Archive of European Projects

Using extreme magnetic field microscopy to visualize correlated electron materials (PNICTEYES)
Start date: 01 Mar 2016, End date: 28 Feb 2021 PROJECT  ONGOING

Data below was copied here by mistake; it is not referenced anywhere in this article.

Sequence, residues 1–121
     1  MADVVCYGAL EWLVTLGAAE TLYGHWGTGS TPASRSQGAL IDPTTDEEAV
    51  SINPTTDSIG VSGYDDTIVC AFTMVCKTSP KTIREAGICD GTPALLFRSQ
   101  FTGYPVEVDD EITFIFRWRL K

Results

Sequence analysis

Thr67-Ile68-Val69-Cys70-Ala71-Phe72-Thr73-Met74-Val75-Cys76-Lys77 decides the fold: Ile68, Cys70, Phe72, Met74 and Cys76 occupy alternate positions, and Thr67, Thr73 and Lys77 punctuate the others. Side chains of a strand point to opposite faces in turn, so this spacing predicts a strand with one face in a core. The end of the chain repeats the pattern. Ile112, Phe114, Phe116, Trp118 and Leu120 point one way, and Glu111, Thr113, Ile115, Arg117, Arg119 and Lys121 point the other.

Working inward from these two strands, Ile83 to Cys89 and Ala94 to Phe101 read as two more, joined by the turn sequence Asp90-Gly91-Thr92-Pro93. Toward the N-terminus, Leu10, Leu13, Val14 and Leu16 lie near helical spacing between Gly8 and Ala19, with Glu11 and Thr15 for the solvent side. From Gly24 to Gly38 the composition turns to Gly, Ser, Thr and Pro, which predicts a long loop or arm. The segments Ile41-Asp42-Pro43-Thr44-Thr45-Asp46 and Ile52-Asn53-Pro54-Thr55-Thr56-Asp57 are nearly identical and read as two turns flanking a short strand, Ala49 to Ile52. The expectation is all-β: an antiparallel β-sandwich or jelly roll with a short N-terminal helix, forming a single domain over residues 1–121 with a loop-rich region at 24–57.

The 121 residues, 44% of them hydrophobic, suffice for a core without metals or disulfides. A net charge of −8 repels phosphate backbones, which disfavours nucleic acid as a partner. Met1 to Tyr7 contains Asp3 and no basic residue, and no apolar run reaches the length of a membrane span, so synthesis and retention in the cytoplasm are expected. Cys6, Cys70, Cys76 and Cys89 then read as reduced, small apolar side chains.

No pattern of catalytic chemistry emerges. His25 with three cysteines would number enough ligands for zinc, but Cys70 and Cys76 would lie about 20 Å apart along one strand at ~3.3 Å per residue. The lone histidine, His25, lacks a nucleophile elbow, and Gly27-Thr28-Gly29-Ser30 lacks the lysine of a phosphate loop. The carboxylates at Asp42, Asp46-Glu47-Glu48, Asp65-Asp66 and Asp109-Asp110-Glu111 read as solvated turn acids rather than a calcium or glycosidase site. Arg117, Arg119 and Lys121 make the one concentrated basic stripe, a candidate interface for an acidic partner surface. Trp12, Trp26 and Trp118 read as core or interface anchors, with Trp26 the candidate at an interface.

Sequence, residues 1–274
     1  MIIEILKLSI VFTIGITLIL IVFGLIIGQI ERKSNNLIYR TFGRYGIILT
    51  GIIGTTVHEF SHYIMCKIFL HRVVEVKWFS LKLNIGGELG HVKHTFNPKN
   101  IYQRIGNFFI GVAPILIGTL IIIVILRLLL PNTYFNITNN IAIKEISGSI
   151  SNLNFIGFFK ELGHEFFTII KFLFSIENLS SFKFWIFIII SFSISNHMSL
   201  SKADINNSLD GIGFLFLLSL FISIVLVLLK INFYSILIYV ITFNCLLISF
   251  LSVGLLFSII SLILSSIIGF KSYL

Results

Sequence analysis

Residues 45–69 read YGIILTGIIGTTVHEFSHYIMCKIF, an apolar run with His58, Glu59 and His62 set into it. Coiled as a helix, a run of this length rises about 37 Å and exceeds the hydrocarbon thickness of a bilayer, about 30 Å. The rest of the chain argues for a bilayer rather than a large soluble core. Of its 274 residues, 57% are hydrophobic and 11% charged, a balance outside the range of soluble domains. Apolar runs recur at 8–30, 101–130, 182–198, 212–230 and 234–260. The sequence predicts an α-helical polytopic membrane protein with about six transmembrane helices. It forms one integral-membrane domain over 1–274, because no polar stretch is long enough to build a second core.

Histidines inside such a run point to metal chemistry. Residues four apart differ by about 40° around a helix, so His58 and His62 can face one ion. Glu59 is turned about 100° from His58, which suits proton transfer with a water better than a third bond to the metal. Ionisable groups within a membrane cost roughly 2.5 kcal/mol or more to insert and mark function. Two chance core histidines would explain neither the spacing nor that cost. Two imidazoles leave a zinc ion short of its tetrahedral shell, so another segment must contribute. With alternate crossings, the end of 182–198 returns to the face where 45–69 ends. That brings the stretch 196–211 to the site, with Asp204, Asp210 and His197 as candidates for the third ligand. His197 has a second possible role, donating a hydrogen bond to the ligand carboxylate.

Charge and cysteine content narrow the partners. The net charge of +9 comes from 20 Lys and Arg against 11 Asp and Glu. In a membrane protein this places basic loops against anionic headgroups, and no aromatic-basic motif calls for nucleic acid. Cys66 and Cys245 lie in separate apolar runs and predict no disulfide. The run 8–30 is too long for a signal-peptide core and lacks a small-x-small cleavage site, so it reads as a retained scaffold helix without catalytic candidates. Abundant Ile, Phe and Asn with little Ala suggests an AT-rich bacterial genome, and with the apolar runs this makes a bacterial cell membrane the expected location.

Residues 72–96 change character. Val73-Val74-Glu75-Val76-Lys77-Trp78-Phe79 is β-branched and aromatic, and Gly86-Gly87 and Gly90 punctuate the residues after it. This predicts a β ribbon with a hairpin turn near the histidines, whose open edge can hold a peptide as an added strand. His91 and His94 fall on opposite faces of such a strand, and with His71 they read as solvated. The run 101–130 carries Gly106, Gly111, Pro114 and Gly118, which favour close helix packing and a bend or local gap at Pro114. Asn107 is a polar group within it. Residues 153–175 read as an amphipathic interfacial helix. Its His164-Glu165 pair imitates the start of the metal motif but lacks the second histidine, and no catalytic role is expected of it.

Strong electronic correlations often produce intertwined phases where multiple length scales coexist. These produce spatially varying electronic properties containing unique insight on the many-body effects that determine the emergence of novel collective behavior. Addressing the problem of electron correlations requires powerful microscopes probing electronic properties down to atomic scale.A major challenge in electron correlated materials is to understand the emergence of high critical temperature (HTc) superconductivity. Fe-based superconductivity offers ultra-pure materials easily tunable through relevant phases emerging from electron correlations (antiferromagnetism, nematicity and superconductivity), providing a tremendous opportunity to unveil the microscopic pairing mechanism behind HTc superconductivity.High magnetic fields are needed to disentangle the electronic correlations, because they enable comparison between normal and superconducting phases and unveil quantum critical behavior and vortex physics. Traditional research under very high magnetic fields uses macroscopic measurements of the spatially averaged magnetic and electronic properties.The goal of PNICTEYES project is to combine very high magnetic fields with scanning tunneling microscopy (STM) to visualize spatial electronic heterogeneity in Fe-based superconductors. The microscopes developed within this project will operate up to 22 T using superconducting coils in-house and above 30 T using resistive and hybrid magnets at international high magnetic field facilities. Implementing novel spectroscopic methods, such as Landau level spectroscopy, we will disentangle the electronic correlations behind the microscopic mechanism of HTc superconductivity in Fe-based superconductors.The success of this project will provide new insights in fundamentals of HTc superconductivity and first enable ultra-high magnetic field STM opening innovative opportunities in other fields as graphene or magnetism.
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